Here’s the first look at the Michael Bay-ified version of the iconic comic quartet. Looks like the Teenage Mutant Ninja Turtles have been toughened up, a departure from the franchise’s more kid-friendly animated past more akin to the Turtles’ ’90s-era live-action iterations. Megan Fox and William Fichtner star in the origin story, which Jonathan Liebesman directs. Paramount releases the pic August 8, a busy date on the summer schedule with New Line/Village Roadshow’s Into The Storm (which also dropped its teaser today), Disney’s The Hundred-Foot Journey and Universal’s Scarlett Johansson-starrer Lucy also set to premiere that day.
New Line Cinema and Village Roadshow Pictures will release the Steven Quale-helmed Into The Storm on August 8, 2014. This is the first teaser for the pic, which is told through the eyes and lenses of professional storm chasers, thrill-seeking amateurs, and courageous townspeople, throwing you “directly into the eye of the storm to experience Mother Nature at her most extreme.” John Swetnam wrote the script and Richard Armitage, Sarah Wayne Callies, Matt Walsh, Alycia Debnam-Carey, Arlen Escarpeta, Nathan Kress, Jon Reep and Jeremy Sumpter star. A lot has improved VFX-wise since Warners’ 1996 tornado pic Twister, so this looks pretty great (check out the teaser below). But it sure is a tough time to promo a pic from the disaster genre, what with the Malaysian Airlines plane and its 239 passengers still missing and the tragedy in Washington state where rescuers are faced with recovering an entire neighborhood that essentially disappeared under a wave of mud.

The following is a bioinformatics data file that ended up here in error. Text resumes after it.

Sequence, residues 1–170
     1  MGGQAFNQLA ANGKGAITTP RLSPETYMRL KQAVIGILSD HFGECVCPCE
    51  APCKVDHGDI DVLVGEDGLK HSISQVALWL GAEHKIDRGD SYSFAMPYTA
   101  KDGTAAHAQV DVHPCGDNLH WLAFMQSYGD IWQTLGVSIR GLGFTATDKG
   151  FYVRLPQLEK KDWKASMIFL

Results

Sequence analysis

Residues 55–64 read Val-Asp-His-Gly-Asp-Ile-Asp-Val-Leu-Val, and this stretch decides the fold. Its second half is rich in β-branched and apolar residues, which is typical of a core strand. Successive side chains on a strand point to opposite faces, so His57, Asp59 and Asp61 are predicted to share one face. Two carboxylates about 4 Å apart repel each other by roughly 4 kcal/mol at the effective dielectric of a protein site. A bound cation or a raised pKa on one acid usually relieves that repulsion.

It’s been more than three months since we got our first look at Jupiter Ascending, now comes the second trailer for the sci-fi actioner written and directed by the Wachowskis. Look for warriors, crafts that soar through space and under water, bees, toilets and battles for the very future of our Earth. Channing Tatum plays an interplanetary warrior and Mila Kunis is a janitor who’s meant for much greater things. Sean Bean and Eddie Redmayne also star. Warner Bros will release the Village Roadshow co-production on July 25. Check it out: